- Resistant weeds are a growing problem in the south.
- Fall herbicide application helps blast Italian ryegrass.
- Louisiana State Extension cites eight strategies for managing herbicide-resistant weeds.
While soybeans are a dominant contributor to crop acreage in the South, weeds are often seen as a significant pest problem in most fields regardless of crop.
But, it doesn’t have to be that way. Even chemical-resistant weeds such as Italian ryegrass can be controlled. And as harvest picks up steam, now is the time to look ahead to next year and how you can better manage those glyphosate-resistant weed varieties.
According to information from Mississippi State University (MSU), glyphosate-resistant Italian ryegrass emerges in the fall and grows throughout winter and early spring.
That means emerging plants can pose a serious threat to burndown programs if allowed to continue growing until spring. While fall tillage may reduce weed numbers, MSU researchers recommend a fall residual herbicide to help reduce the overall population and numbers.
Louisiana State University Extension suggests 8 strategies for managing herbicide-resistant weeds:
- Use a residual herbicide.
- Rotate different crops.
- Rotate herbicides with different modes of action.
- Tank-mix herbicides with different modes of action at full recommended rates.
- Avoid sequential applications of the same herbicide.
- Use tillage, cultivation and/or other cultural practices whenever and wherever feasible.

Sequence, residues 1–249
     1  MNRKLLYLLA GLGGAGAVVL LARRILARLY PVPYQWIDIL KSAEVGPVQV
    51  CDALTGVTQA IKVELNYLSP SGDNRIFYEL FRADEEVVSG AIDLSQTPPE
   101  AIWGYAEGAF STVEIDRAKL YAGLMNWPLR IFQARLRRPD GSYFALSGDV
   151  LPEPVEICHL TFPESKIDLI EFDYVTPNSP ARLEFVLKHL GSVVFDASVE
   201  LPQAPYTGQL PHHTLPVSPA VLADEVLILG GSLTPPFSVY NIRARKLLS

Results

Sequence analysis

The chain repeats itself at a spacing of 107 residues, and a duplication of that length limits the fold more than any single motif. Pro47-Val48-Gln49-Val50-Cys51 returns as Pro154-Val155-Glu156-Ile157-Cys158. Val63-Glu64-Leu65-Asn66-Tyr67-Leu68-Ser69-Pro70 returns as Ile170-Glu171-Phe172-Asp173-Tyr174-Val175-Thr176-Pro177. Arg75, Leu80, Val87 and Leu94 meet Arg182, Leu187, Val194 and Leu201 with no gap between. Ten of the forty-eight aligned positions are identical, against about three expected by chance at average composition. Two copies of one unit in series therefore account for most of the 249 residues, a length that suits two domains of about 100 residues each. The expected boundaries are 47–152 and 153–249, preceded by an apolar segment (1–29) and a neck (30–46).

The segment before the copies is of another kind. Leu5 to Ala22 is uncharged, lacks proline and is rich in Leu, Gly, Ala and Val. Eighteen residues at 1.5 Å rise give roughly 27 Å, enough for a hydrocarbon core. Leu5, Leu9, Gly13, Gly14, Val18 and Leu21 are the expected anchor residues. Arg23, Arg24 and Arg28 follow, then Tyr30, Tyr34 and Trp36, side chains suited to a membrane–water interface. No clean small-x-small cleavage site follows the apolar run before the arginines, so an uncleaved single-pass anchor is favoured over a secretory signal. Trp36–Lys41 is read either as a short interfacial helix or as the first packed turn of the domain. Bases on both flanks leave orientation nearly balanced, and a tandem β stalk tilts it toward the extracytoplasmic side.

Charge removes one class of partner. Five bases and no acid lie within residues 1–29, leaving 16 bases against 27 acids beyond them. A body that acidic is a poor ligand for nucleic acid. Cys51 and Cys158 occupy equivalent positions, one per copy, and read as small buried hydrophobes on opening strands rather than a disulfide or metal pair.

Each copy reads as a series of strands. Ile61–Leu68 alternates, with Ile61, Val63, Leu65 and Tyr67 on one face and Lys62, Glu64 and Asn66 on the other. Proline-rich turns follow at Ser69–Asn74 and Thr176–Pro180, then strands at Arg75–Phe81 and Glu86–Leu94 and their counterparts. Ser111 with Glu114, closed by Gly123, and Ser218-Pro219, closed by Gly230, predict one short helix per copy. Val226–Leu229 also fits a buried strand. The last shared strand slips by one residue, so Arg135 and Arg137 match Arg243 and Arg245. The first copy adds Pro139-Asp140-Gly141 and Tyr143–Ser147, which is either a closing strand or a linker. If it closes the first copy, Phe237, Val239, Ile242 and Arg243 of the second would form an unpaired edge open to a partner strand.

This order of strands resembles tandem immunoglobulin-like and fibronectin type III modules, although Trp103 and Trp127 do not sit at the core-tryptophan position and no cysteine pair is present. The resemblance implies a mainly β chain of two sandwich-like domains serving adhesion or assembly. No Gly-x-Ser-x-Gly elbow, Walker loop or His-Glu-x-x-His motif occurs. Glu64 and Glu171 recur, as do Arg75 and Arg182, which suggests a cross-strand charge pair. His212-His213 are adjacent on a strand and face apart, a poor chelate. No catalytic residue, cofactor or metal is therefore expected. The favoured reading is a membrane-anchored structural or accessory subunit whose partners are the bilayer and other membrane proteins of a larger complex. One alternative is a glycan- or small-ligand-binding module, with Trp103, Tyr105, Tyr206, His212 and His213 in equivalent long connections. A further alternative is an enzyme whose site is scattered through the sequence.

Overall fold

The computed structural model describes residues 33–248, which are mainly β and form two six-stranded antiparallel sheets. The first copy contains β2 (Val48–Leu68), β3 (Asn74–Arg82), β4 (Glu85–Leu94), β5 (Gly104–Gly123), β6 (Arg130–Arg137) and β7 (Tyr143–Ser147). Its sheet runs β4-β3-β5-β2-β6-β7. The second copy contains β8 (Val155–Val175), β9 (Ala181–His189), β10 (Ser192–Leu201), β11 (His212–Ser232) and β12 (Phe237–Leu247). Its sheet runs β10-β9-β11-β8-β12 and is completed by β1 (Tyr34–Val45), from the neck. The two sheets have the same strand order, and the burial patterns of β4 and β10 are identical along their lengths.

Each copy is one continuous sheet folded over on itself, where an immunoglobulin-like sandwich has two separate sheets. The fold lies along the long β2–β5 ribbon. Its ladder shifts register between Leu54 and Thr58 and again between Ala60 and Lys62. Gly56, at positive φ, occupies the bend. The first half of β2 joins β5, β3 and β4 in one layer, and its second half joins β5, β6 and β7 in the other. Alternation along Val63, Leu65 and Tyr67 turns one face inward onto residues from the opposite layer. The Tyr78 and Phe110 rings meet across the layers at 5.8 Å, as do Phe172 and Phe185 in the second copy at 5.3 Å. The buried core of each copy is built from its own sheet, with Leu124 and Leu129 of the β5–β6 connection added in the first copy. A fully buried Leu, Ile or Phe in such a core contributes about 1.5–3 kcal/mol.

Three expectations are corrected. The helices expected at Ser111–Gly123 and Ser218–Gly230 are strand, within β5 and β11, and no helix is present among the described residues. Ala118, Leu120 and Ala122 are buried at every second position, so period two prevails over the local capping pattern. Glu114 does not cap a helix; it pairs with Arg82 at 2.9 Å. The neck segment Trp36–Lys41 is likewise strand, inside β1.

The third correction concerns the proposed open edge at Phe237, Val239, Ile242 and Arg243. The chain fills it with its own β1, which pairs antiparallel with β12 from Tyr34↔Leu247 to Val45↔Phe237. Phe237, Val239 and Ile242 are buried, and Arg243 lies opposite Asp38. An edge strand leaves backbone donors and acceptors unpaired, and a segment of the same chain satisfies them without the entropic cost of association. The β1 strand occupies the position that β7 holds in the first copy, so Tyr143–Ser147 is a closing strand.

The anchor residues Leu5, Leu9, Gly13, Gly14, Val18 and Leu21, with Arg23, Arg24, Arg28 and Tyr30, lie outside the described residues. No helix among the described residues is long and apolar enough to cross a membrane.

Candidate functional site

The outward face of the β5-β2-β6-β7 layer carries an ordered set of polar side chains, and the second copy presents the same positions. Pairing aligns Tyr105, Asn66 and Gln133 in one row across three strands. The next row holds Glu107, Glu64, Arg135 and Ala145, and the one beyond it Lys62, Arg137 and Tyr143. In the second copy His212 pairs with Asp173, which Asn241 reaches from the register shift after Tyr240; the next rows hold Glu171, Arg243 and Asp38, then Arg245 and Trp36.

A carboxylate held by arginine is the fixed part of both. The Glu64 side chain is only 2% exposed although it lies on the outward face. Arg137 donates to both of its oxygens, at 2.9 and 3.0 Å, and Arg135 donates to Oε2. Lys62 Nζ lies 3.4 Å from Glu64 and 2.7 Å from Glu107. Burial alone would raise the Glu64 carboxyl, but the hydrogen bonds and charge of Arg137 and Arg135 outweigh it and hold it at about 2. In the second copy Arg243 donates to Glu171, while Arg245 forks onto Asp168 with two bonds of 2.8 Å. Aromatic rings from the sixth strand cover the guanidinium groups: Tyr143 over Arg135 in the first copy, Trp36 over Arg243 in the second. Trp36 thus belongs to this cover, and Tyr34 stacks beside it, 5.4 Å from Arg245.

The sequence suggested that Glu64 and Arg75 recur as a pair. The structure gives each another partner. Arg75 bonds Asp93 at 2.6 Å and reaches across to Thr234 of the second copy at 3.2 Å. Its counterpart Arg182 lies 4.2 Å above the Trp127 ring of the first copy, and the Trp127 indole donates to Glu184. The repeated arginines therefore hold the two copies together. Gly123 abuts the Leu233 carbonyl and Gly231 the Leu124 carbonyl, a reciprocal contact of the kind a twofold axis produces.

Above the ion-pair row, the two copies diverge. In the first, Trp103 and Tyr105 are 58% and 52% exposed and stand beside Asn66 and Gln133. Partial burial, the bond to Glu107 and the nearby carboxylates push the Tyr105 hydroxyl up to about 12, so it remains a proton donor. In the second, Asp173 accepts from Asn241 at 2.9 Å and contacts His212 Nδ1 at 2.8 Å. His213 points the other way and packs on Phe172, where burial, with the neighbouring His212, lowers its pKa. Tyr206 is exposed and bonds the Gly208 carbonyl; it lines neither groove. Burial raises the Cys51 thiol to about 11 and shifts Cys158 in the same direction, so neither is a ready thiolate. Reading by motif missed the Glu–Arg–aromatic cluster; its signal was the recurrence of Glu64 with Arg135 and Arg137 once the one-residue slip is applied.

- Clean equipment thoroughly before and after each use.
- Control weeds on fallow or set aside ground to prevent spreading of suspected resistant weeds.
Getting rid of weeds this fall means you’ll reap a harvest of another kind next spring. A clean seedbed gets you quicker crop emergence in warmer soils. Pests like the black cutworm moth and soybean cyst nematode will have to find another home. And, you’ll be saving valuable nutrients for your growing plants instead of the weeds.
Yes, fighting weeds is a year-round battle, and glyphosate-resistant varieties only make it more difficult. Autumn Super™ has its own weapon to help combat these tough-to-control weeds in corn and soybeans.
Get control of late-emerging winter annual weeds with residual when doing a burndown with Autumn Super. You can also turn to Autumn Super for broad-spectrum control of both grass and broadleaf weeds in fields that will be planted to corn or soybeans the following season.